Manufactured by Broadway Engineering of Wellington Hill West, Bristol 19, England (and Knapps Lane, St. George, Bristol 9) Portmac millers were designed by Les Redman, a member of the Bristol Society of Model & Experimental Engineers. The machines were advertised for a time during the late 1940s and early 1950s (at £55 : 18s : 6d) - but never made any great impression on the market, although the makers did claim that examples were in use by Government departments for "experimental and research purposes".
At least two models were offered: a very rare horizontal, the "Redman Mini-Miller Type A", and the vertical "Type BC", the latter being the more common of the two found today - and shown below. Resembling a miniature jig borer, the BC had its table fixed to the base of the machine with a head that could be slid up and down, through a travel of 7 inches, on ways machined into the inner surface of the main column. In this respect, the design of the Portmac resembled, for example, the American Linley and Vernon machines. All sliding surfaces were ground and then hand scraped to fit. With dimensions of 14" x 4", the table had 8" of longitudinal travel and a generous 5" across, this aided by a well-spaced-out feed-screw endplate formed as a complete casting. As the handwheel for the table travel were of a large diameter, advantage was taken of this (on some examples only) to engrave their flat, outer rims with micrometer graduations.
Fitted with a screw-on nose cap, the spindle accepted standard dead-length Crawford collets - these being of the type used on, amongst others, the smallest models of Ward and Herbert capstan lathes. Pictures of these collets, with dimensions, can be found at the bottom of the page. The spindle had a travel of just 1.5 inches with the feed handwheel, threaded internally, sitting just above and surrounding spindle housing so that it acted directly upon the quill - a most economical design, and possibly unique - but hardly easy or convenient to use compared to the more usual horizontal handwheel working through worm-and-wheel gearings. The maximum clearance between spindle nose and table was a useful 8.5 inches. Four spindle speeds, from 500 to 4000 rpm, were provided - the motor being mounted, drill-like, on a plate at the back of the column. Rather cleverly (as on some makes of drilling machine) the cast-aluminium motor plate and belt guard were connected to provide a means of both giving tension to, and allowing the quick release of the drive belt for speed changes. The guard was arranged to pivot vertically, with its right-hand arm projecting back and riding against the motor mounting plate. When positioned "down" (i.e. in the running position) the guard arm pressed against the motor-mounting plate (which was horizontally hinged on its left-hand side) and so tensioned the drive. To ensure that the guard stayed locked down, the end of its arm was arranged to ride over a small raised 'button' cast in the plate. A 6-inch rotary table was, apparently, supplied as standard and featured a quickly-detachable worm to speed resetting and scales graduated in 5 minutes of arc.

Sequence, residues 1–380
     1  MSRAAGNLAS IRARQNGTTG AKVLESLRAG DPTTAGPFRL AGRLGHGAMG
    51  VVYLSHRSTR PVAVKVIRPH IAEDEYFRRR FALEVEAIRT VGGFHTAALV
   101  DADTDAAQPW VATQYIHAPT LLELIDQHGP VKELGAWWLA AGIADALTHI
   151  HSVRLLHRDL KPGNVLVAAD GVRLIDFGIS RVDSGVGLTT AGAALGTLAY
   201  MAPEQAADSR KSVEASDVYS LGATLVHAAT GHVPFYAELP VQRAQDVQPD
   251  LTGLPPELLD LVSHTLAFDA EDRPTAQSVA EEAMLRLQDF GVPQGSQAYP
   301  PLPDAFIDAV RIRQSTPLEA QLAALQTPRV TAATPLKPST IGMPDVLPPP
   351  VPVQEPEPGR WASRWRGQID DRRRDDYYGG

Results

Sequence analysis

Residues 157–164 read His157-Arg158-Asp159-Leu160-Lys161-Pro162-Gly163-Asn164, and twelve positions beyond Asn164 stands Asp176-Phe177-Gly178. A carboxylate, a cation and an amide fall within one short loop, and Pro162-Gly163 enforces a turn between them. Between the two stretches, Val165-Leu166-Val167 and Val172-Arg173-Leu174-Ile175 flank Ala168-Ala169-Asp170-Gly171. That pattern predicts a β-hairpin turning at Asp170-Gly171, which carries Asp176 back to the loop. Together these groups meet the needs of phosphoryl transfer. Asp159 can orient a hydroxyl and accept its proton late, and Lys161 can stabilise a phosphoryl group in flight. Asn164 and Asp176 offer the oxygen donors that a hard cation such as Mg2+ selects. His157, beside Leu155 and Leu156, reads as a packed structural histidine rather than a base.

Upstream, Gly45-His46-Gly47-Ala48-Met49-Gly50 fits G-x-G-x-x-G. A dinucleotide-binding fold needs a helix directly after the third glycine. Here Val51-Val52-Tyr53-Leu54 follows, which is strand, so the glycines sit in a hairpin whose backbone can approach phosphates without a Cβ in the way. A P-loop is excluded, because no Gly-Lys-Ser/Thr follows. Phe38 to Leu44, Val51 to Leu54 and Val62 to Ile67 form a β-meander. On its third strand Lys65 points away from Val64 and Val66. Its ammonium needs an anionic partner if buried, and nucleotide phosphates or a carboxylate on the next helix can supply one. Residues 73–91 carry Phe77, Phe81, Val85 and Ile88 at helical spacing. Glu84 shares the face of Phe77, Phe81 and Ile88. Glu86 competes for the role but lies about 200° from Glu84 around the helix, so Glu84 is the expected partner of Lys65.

Constructed in as simple a way as possible, the Mini-mill used round steel bars for its main column and both table ways. 9.25" long and 2 7/8" wide, the table had 5.15" of longitudinal travel, 1.625" across and the head could be moved through 2.125" vertically. No micrometer dials were fitted to any of the feed screws and the handles, instead of being an easy-to-use round type, were of the old fashioned crank pattern - a wonderful design when opening a canal lock gate, but not so suited to the slow, fine feeds required on a milling machine.
If you own a Portmac miller, or know more of the Company's history, the writer would be delighted to hear from you..